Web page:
Avoid The Risky Zones
Hey everyone! I have a short post today. We had a very busy weekend at the RB40 household. I worked on our taxes and RB40Jr had 2 Ultimate (Frisbee) games. The taxes weren’t too stressful because I’m filing an extension. However, there were more taxes to deal with for Portland. We had to pay the Art tax, the Portland business tax (blog), the Trimet tax (public transportation), the Homeless tax, the Rental tax, and the State income tax. I swear, Portlanders never met a tax they didn’t like. I finished them and paid online. That made life a bit simpler. Now, I’m good for 6 months. Anyway, I’ve been following the Jack Teixeira case in the news and I want to share my thought about it.
Jack is in HUGE trouble. He was a young IT specialist with the Massachusetts National Guard. Over the last few months, he acquired and shared hundreds of government secrets on Discord with his online buddies. He told them not to tell anyone. Yeah, like that’d work. Of course, someone shared the documents on other platforms and it caused a sensation in the news. The investigation quickly led to Jack. Now, he’s in jail and will probably go to prison for a long time. It seems he didn’t perform a risk-reward analysis before becoming an inadvertent traitor.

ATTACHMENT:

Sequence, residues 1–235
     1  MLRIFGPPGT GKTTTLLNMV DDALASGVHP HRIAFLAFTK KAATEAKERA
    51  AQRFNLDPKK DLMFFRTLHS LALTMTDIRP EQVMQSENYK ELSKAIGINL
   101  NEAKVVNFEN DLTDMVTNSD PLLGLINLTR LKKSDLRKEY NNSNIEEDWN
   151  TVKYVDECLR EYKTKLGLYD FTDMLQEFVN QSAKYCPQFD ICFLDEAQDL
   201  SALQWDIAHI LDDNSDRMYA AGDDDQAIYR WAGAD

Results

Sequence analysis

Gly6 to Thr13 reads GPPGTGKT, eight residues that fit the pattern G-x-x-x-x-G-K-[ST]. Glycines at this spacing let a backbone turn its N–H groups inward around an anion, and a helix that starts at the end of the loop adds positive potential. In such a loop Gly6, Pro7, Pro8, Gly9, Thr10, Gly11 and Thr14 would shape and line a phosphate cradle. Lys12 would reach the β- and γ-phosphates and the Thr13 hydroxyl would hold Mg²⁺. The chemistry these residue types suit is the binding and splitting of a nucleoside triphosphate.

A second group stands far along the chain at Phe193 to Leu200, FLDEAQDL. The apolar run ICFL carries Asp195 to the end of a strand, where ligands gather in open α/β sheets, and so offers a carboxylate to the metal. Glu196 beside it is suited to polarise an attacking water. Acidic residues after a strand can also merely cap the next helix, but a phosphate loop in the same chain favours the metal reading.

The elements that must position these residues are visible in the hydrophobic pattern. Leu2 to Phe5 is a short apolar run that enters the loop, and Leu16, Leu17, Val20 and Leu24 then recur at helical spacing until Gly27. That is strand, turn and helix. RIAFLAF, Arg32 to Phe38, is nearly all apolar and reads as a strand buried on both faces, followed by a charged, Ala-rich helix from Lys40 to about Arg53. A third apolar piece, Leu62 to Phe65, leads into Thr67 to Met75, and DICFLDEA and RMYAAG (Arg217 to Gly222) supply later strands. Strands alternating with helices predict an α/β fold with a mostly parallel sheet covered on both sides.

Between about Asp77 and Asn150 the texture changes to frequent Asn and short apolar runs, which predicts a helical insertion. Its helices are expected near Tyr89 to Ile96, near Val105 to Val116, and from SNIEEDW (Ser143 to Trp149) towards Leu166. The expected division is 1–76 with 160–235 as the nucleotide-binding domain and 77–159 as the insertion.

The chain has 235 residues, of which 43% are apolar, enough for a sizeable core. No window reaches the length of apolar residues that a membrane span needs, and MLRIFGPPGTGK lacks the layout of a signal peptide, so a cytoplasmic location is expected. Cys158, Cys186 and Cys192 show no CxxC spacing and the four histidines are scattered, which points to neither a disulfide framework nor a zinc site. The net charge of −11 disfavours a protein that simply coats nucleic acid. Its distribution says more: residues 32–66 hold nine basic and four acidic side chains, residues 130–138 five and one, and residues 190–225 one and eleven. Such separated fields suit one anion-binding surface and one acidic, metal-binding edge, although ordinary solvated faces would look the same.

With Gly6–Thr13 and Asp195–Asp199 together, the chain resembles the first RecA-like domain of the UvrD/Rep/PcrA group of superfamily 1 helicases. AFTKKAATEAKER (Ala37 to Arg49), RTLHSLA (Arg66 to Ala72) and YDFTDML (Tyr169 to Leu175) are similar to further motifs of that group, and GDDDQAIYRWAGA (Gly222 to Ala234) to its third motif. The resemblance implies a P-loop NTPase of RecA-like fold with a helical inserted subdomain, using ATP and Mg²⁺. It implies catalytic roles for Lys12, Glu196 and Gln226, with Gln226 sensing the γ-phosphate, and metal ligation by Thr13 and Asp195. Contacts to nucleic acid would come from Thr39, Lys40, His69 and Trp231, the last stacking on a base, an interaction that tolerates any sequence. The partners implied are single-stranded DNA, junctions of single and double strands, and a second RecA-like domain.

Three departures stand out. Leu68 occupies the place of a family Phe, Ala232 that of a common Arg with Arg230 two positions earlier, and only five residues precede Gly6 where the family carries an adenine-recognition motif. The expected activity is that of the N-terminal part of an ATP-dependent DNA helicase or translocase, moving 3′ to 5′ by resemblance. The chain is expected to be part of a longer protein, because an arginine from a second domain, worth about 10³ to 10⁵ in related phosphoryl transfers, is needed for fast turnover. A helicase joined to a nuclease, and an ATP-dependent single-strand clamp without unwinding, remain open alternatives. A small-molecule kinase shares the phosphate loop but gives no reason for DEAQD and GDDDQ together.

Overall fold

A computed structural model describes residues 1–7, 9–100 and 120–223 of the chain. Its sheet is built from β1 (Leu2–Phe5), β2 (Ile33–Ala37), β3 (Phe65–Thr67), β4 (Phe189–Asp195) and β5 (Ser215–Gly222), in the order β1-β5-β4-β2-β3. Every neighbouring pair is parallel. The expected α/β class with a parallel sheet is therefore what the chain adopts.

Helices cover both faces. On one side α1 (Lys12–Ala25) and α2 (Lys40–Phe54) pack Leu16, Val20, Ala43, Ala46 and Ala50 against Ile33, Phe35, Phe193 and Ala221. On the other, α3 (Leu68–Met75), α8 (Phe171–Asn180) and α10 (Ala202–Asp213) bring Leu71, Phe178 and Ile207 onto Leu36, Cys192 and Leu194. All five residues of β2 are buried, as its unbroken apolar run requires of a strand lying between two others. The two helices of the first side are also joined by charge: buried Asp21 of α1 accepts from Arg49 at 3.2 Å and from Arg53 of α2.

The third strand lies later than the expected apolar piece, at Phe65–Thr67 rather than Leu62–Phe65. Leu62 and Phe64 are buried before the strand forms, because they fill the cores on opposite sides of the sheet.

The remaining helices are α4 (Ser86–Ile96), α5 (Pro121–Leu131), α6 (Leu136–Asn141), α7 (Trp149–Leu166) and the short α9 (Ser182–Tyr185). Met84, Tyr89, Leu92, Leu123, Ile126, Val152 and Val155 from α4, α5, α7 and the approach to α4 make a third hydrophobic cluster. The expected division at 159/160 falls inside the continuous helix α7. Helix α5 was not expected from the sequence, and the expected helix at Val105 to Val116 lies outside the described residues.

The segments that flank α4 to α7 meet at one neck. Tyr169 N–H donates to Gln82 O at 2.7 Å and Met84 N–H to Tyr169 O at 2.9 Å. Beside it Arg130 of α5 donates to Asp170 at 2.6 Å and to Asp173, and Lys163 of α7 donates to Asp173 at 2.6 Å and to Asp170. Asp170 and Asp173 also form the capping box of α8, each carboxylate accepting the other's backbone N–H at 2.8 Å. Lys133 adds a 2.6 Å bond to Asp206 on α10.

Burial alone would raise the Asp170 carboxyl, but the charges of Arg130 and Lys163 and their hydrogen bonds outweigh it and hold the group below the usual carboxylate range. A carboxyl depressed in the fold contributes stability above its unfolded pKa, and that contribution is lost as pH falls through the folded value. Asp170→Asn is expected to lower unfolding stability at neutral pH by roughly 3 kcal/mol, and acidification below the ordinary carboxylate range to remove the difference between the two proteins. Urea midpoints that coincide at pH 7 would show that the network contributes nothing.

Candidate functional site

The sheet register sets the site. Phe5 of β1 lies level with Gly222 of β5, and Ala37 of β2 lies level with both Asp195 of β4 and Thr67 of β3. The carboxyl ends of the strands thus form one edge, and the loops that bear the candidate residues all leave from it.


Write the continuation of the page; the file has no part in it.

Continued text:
Risk Reward Matrix
Here is a simple risk-reward matrix that everyone should know about.
It’s pretty simple. We make all sorts of decisions every day. Every decision has risks and benefits. Most of them fall into the Safe Zone. Sunday, I drove RB40Jr to play Ultimate. It cost 3 hours of my time and a bit of gas. He got good exercise and a lesson on how to play on a team. Ultimate is a no-contact sport so the risk of injury is minimal. This is the kind of low-cost, low-benefit decision we make all the time. However, we need to think about it a lot harder if the risk is high.
Jack went to the No-Go Zone and he’s paying the price for it. It was stupid to share secret documents to impress his online buddies. He achieved his objective and got some street cred for a few months. However, this is a meager reward for the risk he took. Once you share secret documents online, it is highly likely to spread. As expected, his online buddies turned on him as soon as the FBI showed up.
He should have thought about the consequences before breaking his security clearance.
Avoid the No-Go Zone
That’s a lesson for RB40Jr. We talked about it and he agreed this is high-risk, low-reward. It isn’t worth it. I try to live in the Safe Zone and the Win Zone. That’s where life is good. Once in a long while, I venture out into Danger Zone, if the reward is high enough to justify the risk. I retired from my engineering career when I was 38. It was risky, but it was worth it. But I avoid the No-Go Zone like a plague. Why take on so much risk if the reward is inconsequential?
What about you? Do you thrive in the Risky Zones?
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